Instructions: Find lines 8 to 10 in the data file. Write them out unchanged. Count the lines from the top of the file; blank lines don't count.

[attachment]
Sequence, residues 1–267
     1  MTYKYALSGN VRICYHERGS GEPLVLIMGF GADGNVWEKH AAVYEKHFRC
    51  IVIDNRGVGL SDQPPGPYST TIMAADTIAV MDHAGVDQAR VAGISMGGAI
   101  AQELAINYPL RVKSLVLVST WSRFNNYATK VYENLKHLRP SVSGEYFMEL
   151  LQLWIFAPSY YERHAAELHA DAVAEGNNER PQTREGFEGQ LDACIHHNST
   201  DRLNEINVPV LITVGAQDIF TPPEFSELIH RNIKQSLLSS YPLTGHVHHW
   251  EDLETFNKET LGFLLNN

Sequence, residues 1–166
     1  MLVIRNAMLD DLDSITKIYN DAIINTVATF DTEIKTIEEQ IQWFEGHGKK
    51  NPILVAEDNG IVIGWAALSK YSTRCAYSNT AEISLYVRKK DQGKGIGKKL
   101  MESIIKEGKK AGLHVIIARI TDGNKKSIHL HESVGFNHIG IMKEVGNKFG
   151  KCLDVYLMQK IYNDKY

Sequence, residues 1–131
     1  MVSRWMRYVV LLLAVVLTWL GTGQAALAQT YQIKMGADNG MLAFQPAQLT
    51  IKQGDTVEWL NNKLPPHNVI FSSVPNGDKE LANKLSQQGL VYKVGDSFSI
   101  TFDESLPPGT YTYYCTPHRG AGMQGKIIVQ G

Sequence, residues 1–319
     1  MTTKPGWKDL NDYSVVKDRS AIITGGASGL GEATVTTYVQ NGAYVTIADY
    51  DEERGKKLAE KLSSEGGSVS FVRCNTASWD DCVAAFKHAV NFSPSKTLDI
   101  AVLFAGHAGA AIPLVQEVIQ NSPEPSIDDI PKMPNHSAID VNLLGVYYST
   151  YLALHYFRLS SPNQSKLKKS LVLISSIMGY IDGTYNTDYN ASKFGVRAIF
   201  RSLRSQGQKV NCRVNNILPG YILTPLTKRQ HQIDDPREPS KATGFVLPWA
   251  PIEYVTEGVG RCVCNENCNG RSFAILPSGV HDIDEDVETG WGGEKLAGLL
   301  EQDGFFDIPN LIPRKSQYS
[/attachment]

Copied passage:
Sequence, residues 1–166
     1  MLVIRNAMLD DLDSITKIYN DAIINTVATF DTEIKTIEEQ IQWFEGHGKK
    51  NPILVAEDNG IVIGWAALSK YSTRCAYSNT AEISLYVRKK DQGKGIGKKL